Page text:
The stock market pulled back from record highs and fell on Wednesday as the rally driven by third-quarter earnings began to lose steam, although the S&P 500 remains on track for its best month since November 2020.
The Dow Jones Industrial Average and S&P 500 declined by 0.7% and 0.5%, respectively, on Wednesday, while the tech-heavy Nasdaq Composite was flat.
The Dow and S&P 500 both fell for the first time in at least three days, despite a recent earnings-driven rally that has boosted the market to new record highs.
The S&P 500 remains on track for its best month since November 2020, rising by more than 5% so far in October, while the Dow is up around 4%.
Third-quarter earnings have so far proved more resilient than expected, despite concerns about inflationary pressures, supply chain disruptions and labor shortages: Just over a third of S&P 500 companies have reported results so far, with 83% of them topping estimates, according to Refinitiv.
Big tech stocks like Microsoft and Google-parent Alphabet rose by more than 4% after both companies topped earnings estimates on Tuesday, while shares of Visa fell nearly 7% after issuing a conservative revenue outlook.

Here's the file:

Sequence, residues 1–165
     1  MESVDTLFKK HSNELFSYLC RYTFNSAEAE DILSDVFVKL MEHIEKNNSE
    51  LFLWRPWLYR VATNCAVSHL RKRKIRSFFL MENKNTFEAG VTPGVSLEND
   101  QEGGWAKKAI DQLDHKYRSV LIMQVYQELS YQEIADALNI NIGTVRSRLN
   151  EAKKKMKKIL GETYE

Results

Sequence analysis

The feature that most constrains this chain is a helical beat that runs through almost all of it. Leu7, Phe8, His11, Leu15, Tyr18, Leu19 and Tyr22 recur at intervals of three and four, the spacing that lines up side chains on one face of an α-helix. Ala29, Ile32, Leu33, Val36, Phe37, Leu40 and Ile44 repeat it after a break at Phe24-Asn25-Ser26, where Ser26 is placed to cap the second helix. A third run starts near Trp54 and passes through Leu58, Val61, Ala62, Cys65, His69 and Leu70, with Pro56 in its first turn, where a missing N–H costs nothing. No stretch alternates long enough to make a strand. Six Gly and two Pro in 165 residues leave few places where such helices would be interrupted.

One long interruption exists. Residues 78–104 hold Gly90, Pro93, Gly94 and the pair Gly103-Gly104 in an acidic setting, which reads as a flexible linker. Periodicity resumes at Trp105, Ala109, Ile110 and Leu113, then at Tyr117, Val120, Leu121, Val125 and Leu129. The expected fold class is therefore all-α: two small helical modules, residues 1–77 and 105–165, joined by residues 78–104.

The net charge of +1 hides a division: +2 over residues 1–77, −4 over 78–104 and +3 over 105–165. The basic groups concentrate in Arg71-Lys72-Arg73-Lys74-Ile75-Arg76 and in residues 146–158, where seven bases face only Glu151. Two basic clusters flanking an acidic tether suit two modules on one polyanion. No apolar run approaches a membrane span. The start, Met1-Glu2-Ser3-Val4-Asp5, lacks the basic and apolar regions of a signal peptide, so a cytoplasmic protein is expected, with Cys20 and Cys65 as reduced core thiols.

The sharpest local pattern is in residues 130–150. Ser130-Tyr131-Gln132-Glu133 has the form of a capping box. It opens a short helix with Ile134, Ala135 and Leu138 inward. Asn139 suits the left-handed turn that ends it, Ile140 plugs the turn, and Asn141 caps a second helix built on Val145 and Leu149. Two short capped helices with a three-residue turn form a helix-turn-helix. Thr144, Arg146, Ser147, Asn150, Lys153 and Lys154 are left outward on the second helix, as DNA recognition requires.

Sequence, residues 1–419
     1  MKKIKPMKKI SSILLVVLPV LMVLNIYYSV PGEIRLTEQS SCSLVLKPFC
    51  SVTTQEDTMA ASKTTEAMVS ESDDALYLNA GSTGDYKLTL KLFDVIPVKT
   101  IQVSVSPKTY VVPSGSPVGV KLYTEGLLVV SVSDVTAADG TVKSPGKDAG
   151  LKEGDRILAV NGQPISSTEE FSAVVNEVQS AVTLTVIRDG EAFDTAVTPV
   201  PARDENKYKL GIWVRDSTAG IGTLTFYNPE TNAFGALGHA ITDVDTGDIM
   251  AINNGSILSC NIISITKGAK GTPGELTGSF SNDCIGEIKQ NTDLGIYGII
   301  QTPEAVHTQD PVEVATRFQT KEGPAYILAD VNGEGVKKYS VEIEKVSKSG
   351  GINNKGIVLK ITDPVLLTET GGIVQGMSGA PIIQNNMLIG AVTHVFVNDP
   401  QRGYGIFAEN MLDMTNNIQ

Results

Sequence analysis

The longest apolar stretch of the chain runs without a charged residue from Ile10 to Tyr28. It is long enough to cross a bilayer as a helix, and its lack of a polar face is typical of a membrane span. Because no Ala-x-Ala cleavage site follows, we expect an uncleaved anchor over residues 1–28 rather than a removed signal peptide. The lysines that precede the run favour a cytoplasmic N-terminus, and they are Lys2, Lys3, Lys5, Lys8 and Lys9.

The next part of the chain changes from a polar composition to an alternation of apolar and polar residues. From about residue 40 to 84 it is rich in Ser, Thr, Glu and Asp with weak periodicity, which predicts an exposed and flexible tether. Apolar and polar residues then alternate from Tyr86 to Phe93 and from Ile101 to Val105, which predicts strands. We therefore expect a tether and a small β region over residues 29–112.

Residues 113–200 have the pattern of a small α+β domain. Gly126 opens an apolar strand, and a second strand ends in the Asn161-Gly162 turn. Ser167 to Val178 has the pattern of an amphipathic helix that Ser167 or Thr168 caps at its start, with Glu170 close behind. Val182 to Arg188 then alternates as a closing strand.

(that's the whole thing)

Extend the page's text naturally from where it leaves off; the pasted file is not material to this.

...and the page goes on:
Shares of popular stock trading app Robinhood, meanwhile, fell more than 10% on Wednesday after reporting earnings that substantially missed expectations because of a sharp drop in crypto trading.
Today was actually “one of the most tumultuous, brutal, and frustrating sessions in a long time,” as most sectors suffered losses—with the biggest declines coming from financials and energy stocks, says Vital Knowledge founder Adam Crisafulli. “The overall market was very soft in the U.S., although this was somewhat masked by huge post-earnings rallies in Google and Microsoft.” The market sank late in the session, he points out, after Democrats suffered another setback in their efforts to reach a deal on the government spending bill.
As Democrats continue to iron out the details of their massive social spending plan—and how to pay for it, a newly proposed billionaire wealth tax was immediately shot down on Wednesday. Moderate Sen. Joe Manchin (D-W.V.), whose support is crucial for Democrats to pass legislation in the evenly split Senate, voiced concerns—effectively killing the proposal mere hours after its release.
What To Watch For:
“The Nasdaq continues to outperform following robust mega-cap tech results and as Democrats struggle to find ways to increase taxes—Kryptonite for big-tech has always been raising taxes and regulation,” says Oanda senior market analyst Edward Maya. “With Senator Joe Manchin showing little openness for tax increases, tech stocks are soaring.”